The officer that arrested Sandra Bland isn’t responsible for her death. As of now, all evidence points to her death as being a suicide. However, what is perfectly clear – thanks to the newly released dashcam video – is, that there was no probable cause to arrest her. For that, he should be held accountable. Particularly, because he lied in his initial report as to how the traffic stop and arrest played out.
Yes, he lied.
It could be argued that Sandra Bland would still be alive if she was never arrested. Which, may be a natural stance for one to take. But again, for now, the focus should be on the violation of her rights; and, it should be used as a teachable moment. Why? Because if we continue to walk away from these stories without learning anything – other than that some cops lie – then I’d say that we’ll forever be in trouble.
Look, it’s important to know your rights. Equally as important is knowing how to articulate and exercise your rights in any encounter or exchange with law enforcement. That should be the only thing that comes out of your mouth in situations when you encounter the police. How or the manner by which you choose to do so is totally up to you. However, I would advise anyone reading this to do so in a calm and respectful manner. Not that to do so will determine whether you’re arrested or not. But, nonetheless, let’s just say that doing so helps to make what for many exists as a very tense situation with much suspicion and implicit biases on both sides of the fence.
This may sound like victim-blaming, but it isn’t. That is unless you’re content to walk away not learning tools that could be the difference between life and death. And, I don’t know about you, but I’m tired of seeing this stuff in the media without the proper discussion of the rights of citizens involved in police encounters. Which is sad, because you shouldn’t have to be a card-carrying member of the ACLU to understand.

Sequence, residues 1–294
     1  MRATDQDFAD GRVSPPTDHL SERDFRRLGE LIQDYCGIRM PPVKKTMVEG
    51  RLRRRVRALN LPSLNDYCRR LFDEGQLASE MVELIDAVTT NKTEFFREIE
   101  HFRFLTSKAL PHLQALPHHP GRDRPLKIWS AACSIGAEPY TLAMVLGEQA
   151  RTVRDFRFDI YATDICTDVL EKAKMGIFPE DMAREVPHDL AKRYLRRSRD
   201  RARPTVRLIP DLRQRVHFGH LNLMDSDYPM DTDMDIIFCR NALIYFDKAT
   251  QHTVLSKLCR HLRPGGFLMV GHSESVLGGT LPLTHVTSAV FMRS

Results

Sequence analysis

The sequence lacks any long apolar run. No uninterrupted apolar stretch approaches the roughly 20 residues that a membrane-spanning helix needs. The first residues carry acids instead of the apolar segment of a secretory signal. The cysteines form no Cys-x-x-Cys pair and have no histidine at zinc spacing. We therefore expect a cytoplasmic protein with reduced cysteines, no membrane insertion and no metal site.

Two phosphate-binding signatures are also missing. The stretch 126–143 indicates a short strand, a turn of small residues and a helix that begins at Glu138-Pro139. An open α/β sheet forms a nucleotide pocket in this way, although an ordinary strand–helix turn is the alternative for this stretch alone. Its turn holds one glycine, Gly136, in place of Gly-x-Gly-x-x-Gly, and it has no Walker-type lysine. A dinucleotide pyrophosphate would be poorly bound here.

And, if this bothers you like it does me, just imagine how many times similar situations play out across the country without ever making the news. Sandra Bland being dead of an apparent suicide should not be yet another one of those squandered moments.
We can march and protest all we like until our feet fall off. But, until we start teaching people that they have a constitutional right to never talk to the police – yes, it’s called the Fifth Amendment of the U.S. Constitution – or, answer questions from police officers without an attorney present. Then and only then can we have conversations about police accountability without having silly debates about the behavior of citizens like Sandra Bland, over whether it contributed to her demise when the issue happens to be overzealous lying ass cops with a penchant for abusing their authority.
To be honest, Sandra Bland’s “attitude” didn’t lead to her demise. Instead, it was her failure to follow a lawful command per the 1977 U.S. Supreme Court ruling in Pennsylvania v. Mimms to exit her car that as probable cause for her arrest. Yes, Sandra Bland had every right to voice her displeasure with the officer in whatever manner prior to being ordered to exit her car. But make no mistake, though it may be hard to say amid all the noise, that’s the reason Sandra Bland was arrested.
Her arrest had nothing to do with her refusal to put out her cigarette when she was asked by the officer. And yes, she was asked and not commanded to put out her cigarette. The officer made a request, and she was within her right, at that point, to refuse to acquiesce. To some this may have seemed like a big no, but it isn’t.